GS: Winning Ghana's first juvenile World Cup and being selected at the best player must be one of your best moments as a footballer.
OL: It is very difficult to describe such feeling for winning a major tournament, especially winning two prestigious personal awards. It was really a dream come true for me and my teammates because after the tournament many of them became professional players in Europe
GS: Following that triumph in Italy, you also chalked up some other significant feats for Ghana as a young player.
OL: After the Italy tournament, I was invited into the Black Stars and was part of the 1992 AFCON tournament in Senegal where we won the silver medal after losing to Cote d’Ivoire in the finale through a marathon penalty kicks.
I won silver with the Black Satellites at the 1993 FIFA Under-20 World Cup in Australia.
Before then, I participated in the 1992 Barcelona Olympic Games where Ghana won bronze and became the first Africa country to win an Olympic football medal.
I didn't value the bronze we won in Barcelona that much until I joined Aston Villa in England. It was in England that I realised that an Olympian was held in high esteem.
GS: Your professional career went off well as Belgium and PSV Eindhoven came knocking. How would you describe your experience with a big club like PSV who then had some established stars.
OL: I went to PSV Eindhoven to replace the great Romario who had just left PSV. I had a very good season and became a joint top scorer.
PSV wanted to buy me but Anderlecht made huge demands which they could not afford. I was very irritated over the outrageous demands by Anderlecht because I wanted to move forward and PSV Eindhoven was a bigger team where my career would have taken a better turn there.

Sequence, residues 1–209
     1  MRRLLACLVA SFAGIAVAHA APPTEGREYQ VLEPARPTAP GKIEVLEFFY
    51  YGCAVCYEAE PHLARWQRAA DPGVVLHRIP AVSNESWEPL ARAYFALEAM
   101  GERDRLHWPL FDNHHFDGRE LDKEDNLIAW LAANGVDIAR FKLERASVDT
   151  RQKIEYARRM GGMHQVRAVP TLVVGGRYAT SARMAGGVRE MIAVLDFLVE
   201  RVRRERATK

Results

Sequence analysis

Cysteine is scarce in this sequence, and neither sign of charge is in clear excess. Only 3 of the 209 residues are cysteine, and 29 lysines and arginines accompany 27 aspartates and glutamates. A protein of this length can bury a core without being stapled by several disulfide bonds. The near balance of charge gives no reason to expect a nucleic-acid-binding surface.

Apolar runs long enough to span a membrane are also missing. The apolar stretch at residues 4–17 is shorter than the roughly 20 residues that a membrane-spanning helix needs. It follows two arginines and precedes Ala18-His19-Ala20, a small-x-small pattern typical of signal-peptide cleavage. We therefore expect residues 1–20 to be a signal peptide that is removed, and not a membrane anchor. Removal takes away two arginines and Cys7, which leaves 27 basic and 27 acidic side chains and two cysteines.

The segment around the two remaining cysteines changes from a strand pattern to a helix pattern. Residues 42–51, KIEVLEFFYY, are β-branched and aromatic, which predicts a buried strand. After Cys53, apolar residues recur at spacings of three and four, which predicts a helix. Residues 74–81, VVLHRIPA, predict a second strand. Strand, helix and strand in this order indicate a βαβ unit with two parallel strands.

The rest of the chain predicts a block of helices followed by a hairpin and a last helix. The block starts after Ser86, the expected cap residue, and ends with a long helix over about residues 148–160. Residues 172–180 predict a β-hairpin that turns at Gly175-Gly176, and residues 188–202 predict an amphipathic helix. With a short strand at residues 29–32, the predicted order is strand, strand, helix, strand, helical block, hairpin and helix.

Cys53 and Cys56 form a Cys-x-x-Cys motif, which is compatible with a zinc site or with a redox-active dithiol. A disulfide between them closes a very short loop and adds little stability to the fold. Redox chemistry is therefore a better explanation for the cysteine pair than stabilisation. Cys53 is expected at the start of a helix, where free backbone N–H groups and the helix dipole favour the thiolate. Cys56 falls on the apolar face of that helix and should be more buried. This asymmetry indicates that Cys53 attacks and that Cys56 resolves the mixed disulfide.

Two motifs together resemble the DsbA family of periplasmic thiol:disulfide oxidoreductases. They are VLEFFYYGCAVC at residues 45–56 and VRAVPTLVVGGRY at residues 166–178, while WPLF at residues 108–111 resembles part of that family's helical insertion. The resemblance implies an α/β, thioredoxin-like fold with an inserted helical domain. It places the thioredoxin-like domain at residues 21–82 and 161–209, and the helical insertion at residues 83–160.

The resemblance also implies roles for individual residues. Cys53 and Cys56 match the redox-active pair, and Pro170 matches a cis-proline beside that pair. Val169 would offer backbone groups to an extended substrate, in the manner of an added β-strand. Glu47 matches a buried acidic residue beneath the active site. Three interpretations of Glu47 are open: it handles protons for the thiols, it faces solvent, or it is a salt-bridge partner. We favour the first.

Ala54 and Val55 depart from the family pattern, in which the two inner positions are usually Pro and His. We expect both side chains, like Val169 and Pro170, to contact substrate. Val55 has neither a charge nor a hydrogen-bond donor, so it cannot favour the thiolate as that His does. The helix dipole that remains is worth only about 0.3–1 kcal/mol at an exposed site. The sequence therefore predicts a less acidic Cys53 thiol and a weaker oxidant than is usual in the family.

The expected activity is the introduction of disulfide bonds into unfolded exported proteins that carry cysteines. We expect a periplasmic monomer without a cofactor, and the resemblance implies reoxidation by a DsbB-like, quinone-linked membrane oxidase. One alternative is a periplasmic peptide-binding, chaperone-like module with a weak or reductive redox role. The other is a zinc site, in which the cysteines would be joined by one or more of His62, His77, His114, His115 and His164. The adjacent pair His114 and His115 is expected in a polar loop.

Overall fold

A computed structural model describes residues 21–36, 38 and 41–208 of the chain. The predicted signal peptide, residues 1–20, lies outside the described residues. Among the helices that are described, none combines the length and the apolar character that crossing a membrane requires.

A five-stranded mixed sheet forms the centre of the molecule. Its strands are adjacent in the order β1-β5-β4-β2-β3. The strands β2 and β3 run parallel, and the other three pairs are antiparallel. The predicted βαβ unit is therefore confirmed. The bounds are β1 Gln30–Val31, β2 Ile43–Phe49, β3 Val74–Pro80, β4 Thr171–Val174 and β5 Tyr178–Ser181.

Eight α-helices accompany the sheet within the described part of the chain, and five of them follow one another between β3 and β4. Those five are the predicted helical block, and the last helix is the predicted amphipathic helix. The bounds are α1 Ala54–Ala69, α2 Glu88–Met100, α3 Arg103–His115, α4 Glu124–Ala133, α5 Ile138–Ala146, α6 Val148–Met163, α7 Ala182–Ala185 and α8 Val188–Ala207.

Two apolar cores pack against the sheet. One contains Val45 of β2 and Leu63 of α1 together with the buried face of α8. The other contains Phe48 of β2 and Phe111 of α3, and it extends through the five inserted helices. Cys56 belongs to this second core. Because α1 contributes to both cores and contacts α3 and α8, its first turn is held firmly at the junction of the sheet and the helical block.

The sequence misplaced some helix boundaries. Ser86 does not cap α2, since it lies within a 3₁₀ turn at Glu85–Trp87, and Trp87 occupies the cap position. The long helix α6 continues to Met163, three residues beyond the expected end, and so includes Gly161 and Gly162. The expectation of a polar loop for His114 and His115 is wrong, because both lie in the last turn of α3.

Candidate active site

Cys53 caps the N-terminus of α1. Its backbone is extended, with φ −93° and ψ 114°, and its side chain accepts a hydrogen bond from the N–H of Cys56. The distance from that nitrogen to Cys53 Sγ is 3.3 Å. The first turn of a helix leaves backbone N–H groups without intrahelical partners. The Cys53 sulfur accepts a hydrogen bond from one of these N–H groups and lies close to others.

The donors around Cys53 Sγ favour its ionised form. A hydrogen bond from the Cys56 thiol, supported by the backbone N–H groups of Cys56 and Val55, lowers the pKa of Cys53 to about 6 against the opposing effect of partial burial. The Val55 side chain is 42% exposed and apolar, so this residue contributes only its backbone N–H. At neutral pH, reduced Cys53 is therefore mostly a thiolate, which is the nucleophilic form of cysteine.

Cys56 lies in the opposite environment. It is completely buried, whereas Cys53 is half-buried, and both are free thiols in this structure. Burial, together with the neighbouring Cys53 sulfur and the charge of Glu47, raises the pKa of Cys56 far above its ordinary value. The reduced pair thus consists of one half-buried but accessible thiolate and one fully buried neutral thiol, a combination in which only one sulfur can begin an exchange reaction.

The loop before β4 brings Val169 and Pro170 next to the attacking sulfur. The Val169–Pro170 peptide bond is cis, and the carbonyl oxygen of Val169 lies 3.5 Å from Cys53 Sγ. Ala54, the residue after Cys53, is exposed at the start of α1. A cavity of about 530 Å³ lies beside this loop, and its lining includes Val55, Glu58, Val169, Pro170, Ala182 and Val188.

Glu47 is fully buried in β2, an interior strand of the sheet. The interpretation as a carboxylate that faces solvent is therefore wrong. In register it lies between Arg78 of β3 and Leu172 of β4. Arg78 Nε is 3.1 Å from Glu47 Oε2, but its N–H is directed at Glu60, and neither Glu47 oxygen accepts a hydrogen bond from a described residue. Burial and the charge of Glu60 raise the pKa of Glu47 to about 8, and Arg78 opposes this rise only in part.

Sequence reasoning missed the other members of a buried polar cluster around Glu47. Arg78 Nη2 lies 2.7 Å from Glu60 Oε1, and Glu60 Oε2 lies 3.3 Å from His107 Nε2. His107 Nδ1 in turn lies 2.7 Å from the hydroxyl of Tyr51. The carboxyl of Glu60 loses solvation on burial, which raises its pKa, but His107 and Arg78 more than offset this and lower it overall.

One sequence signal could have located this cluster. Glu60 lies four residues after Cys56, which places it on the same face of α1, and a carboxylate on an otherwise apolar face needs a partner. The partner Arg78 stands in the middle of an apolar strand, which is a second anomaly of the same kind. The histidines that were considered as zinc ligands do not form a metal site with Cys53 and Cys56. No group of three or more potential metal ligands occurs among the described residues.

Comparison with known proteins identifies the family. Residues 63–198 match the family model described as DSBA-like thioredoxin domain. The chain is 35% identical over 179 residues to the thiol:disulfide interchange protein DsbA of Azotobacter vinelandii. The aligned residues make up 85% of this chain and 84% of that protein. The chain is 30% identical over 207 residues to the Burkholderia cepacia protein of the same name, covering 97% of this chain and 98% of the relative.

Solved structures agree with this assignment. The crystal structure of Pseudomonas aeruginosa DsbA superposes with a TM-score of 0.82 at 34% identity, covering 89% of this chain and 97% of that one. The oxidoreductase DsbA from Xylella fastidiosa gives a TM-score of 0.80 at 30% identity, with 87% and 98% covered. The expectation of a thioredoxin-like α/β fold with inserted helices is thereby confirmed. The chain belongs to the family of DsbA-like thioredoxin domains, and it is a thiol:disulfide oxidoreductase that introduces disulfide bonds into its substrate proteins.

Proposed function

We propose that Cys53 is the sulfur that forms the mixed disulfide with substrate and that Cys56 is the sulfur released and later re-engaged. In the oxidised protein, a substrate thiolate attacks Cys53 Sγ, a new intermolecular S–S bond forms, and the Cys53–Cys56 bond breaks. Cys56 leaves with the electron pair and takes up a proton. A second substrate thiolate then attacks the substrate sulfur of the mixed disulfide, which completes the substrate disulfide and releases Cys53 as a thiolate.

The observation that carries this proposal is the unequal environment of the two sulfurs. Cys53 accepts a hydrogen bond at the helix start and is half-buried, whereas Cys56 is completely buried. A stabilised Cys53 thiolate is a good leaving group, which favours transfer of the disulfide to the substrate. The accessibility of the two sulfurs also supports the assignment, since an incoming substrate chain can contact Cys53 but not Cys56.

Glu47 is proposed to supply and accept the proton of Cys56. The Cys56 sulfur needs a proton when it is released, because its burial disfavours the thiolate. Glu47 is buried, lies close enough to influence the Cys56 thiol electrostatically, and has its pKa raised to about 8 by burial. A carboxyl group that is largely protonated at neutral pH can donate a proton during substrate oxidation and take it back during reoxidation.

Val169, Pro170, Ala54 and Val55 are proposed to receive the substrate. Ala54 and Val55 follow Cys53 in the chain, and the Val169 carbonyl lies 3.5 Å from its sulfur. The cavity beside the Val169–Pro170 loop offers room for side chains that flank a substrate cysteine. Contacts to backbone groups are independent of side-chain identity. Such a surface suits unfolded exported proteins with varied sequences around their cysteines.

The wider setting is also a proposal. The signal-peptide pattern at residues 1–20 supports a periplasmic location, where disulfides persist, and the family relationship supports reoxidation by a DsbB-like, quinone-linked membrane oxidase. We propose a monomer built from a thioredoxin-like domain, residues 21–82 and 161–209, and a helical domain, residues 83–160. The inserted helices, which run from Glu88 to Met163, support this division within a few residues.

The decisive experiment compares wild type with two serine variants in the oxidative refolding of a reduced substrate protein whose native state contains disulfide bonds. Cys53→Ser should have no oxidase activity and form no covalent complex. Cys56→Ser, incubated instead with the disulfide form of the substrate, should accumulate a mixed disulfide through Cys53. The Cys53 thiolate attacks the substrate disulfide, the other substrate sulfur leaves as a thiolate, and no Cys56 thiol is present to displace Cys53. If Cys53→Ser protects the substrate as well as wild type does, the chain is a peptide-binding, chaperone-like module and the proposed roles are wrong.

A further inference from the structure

I signed a five-year contract with Anderlecht but I felt I needed to move on after three years. However, the coach who brought me to Belgium left for England to handle Aston Villa, and that explains why eventually I left for England after my agent informed me that Aston Villa needed my services in the English Premier League.
GS: You went to England when your reputation was very high. But England wasn't particularly as successful as your exploits in Belgium and the Netherlands.
OL: It was not easy to fit into the EPL in those days. Their style of play was too robust for my liking and beside, I met very tall players, so I struggled to cope.
I was also playing many matches for the various national teams in Ghana so at a tender age of 19 years in 1994, it was not easy for me... you can imagine the load on my shoulders as that time .
It was really too much for me, to me it was a wrong decision to move to England at that time. I went there because Anderlecht did not want to approve of my stay in Holland which would have helped me much, and I was also not willing to return to Belgium .
GS: Why do you consider your move to England as a setback in your career?
OL: Their style of play never suited me at all. The players were not only tall, but also they liked playing long balls and running for them. I was short and skillful at that time so it affected my performance so much.
GS: During your time in England it appears Ron Atkinson had a particular liking for you.
OL: He was more than a godfather to me because he signed me at Aston Villa when he left for Coventry City, and he took me along. He really made me feel very comfortable in England
GS: Was that the reason you did not stay in England after playing for Aston Villa and Coventry?
OL: My work permit was not renewed because a foreign player needed to play 75 per cent of matches for his club but because I was almost always playing for the national teams, I did not meet their criteria for a work permit to be renewed. Eventually, I left for Italy to continue my career in Valencia but I stayed for a short time and left for Argentina to play for Boca Juniors.
GS: Was Italian football not suited to you like in England?
OL: Not at all. After four months, the coach who took me there was sacked but there as a new opportunity arrived because the Boca Juniors manager liked my style of play and signed me.
GS: Earlier, you said Pele’s shoes were too big to fit into. Was the weight of expectation to much to bear?
OL: When it comes to football, I glorify God for my little achievements. To retire and to establish a school to educate the youth and also establish a football academy to train and develop young football talents is not a small feat.
Pele gave me the hype in 1989 when I was only 16 and in the teams I joined, perhaps, they were expecting so much from me just as Pele did. I never saw him play, but later I watched his videos and realised that he had much quality and finesse in football, so there was no way I could fit into his big shoes. Perhaps in 1989, he saw something very unique about me so it was a privilege for him to say such good things about me.